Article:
Palfrey should ask Dwyer to show him around the libraries of New York (or any neighborhood in America, I’d wager) and talk to the patrons who are using what he rightly notes are the backbone of egalitarian society. In our public libraries, where information is free and available to all citizens, people are reading or making readers of their kids. Mostly in print, which is still a better deal for libraries and the taxpayers who support them, because physical books don’t expire after a certain number of checkouts or a certain amount of time, as many library e-books do. When they open these books, people are discovering all the things that make us human, and what that means to them. They’re getting to know their neighbors. They’re becoming informed citizens.

Nostalgic and old fashioned? Ok, if you say so, digital experts. But in a society where there is almost nowhere to be quiet, study, or think, libraries offer that space. In a society where it’s hard, on a limited income, for retired people to meet friends and chat over the day’s newspaper, libraries offer that community. In a society where after school enrichment for kids almost always costs more than the working poor or even the middle class can afford, libraries offer that opportunity. In a society where the under and unemployed have almost nowhere else to access the internet, learn computer skills, apply for jobs, or print important documents, libraries offer those resources. In a society where the mentally ill, the disabled, the homeless, and the recently imprisoned are often unwelcome, libraries offer radical hospitality — we are open to all.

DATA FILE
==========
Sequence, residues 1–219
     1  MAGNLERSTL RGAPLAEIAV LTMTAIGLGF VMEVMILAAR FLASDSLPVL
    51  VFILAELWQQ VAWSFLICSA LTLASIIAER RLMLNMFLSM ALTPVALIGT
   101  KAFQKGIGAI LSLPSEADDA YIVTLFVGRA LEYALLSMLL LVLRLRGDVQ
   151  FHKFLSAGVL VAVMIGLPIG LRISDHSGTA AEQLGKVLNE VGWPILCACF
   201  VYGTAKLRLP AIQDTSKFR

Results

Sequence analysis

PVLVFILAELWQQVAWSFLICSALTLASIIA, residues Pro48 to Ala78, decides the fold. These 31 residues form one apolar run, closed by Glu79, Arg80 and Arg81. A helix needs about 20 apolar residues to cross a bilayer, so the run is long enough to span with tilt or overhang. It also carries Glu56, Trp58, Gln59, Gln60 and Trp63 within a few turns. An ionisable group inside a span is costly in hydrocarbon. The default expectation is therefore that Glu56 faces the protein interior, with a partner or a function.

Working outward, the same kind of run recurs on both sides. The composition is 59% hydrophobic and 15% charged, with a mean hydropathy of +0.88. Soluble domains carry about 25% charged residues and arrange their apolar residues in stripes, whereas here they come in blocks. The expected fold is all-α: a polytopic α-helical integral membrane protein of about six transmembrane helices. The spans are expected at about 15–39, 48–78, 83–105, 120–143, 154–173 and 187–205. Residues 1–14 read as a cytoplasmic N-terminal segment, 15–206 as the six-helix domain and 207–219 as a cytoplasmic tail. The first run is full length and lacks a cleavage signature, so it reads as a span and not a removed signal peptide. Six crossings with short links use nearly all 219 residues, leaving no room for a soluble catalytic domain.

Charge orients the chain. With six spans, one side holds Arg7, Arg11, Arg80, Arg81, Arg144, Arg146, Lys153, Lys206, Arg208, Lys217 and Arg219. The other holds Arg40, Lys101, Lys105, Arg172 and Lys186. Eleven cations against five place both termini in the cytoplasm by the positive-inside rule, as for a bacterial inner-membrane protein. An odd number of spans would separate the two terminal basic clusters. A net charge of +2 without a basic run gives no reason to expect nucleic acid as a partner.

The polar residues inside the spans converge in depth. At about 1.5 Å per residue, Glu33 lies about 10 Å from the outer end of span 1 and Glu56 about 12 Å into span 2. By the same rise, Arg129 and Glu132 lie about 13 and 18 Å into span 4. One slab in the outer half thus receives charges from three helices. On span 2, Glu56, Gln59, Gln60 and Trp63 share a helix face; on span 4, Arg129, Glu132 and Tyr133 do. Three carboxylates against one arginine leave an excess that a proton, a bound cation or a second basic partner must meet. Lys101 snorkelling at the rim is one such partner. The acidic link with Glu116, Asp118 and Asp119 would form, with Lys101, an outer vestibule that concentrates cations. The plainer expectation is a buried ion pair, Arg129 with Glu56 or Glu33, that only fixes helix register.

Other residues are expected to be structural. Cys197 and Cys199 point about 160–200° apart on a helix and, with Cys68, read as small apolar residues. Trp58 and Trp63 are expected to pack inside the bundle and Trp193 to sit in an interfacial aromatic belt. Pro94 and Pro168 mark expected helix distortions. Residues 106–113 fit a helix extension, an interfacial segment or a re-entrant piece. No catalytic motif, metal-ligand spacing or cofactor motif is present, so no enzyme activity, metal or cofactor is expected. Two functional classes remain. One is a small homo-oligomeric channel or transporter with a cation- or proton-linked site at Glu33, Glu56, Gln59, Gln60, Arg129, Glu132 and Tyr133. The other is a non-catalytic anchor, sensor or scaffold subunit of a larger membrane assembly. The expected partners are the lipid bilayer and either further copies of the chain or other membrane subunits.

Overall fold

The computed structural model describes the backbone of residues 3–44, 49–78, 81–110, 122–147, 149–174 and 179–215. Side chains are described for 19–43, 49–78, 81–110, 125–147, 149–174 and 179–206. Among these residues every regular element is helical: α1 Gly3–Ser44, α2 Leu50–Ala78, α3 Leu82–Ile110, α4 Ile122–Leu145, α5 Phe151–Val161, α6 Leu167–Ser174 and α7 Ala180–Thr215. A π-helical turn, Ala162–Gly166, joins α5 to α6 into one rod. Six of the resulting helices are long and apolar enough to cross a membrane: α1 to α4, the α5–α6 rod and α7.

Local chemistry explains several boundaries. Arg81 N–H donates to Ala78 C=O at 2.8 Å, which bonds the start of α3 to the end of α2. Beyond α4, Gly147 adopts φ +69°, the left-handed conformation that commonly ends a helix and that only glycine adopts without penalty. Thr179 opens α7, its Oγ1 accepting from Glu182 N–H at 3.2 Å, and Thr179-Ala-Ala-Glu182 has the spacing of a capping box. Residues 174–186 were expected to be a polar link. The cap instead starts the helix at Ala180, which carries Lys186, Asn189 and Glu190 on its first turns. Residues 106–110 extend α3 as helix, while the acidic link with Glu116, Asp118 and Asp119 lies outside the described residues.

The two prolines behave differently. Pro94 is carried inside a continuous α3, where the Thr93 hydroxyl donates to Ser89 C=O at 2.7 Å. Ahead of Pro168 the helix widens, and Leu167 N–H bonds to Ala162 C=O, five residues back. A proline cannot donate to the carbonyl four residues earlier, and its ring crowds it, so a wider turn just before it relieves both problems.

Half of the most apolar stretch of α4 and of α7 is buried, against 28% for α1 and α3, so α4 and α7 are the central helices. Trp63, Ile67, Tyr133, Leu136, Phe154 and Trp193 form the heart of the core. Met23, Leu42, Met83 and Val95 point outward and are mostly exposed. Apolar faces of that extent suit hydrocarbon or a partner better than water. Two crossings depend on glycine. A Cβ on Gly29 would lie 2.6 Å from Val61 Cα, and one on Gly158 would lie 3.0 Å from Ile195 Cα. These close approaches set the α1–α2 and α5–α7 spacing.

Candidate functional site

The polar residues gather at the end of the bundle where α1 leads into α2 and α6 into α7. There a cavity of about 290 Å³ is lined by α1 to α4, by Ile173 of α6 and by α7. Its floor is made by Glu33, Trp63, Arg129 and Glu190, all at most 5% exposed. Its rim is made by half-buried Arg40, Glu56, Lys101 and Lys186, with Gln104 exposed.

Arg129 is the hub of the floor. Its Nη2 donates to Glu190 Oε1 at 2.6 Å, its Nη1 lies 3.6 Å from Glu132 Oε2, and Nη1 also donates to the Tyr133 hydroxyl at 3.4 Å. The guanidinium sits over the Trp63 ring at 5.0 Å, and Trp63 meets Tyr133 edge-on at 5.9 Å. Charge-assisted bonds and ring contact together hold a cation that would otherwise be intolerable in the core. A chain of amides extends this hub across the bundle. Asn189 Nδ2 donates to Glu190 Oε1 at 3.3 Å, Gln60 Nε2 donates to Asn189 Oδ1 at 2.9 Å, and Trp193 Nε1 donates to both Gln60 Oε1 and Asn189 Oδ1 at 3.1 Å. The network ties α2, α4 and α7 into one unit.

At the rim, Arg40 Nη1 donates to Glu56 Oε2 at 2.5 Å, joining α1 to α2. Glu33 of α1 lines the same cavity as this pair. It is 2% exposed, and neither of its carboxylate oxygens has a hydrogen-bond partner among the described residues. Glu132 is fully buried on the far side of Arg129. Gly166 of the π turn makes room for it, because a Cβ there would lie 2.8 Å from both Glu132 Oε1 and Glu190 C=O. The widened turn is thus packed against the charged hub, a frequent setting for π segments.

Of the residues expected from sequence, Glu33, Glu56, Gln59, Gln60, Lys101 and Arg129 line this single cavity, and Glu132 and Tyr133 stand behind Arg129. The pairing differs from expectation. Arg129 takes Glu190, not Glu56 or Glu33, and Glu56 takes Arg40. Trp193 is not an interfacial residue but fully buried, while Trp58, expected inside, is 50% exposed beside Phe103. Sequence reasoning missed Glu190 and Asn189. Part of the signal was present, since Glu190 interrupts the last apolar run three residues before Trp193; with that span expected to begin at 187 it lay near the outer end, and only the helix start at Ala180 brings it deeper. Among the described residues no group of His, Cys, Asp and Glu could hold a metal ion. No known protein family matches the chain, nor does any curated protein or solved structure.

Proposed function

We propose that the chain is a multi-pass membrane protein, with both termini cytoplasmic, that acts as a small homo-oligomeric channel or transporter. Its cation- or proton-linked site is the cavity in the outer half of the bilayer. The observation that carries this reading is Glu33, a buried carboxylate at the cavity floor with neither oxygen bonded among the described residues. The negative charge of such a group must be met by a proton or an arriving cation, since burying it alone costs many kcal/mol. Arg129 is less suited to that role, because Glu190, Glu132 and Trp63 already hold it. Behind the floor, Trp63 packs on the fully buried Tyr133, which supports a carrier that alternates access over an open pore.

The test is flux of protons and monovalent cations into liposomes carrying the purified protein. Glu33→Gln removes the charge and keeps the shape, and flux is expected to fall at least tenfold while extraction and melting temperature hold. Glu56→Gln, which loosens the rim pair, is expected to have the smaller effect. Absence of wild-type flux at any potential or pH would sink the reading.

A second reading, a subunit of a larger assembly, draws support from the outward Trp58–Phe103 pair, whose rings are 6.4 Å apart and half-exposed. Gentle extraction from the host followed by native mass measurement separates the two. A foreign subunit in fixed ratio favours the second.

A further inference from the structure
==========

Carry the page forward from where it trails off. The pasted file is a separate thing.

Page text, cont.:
From information and books to early literacy, education and support for marginalized adults and new Americans, community and small town (or big city) culture, public libraries’ work is not diminished by people claiming that Google can replace your local librarian, or that libraries should “hack” themselves into “‘nodes in a larger network’ of organizations and must move toward ‘the digital, networked, mobile, and cloud-based library'” Palfrey envisions. And imagines private philanthropy will fund.

Space. Community. Opportunity. Resources. Books. These are real life, everyday services of public libraries. That we fund vast caverns where millionaires play sports and then leave libraries to fend for themselves every budget cycle sounds crazy because it is. That we think placing our hopes in some hypothetical network of charitably funded digital collections will improve upon what’s already going on in library branches all over America is silly. Build your fancy networks, go ahead, but in the mean time, don’t patronize the vital role of public libraries as “nostalgic” when for many ordinary citizens, that so-called nostalgia is actually a vital service they rely on.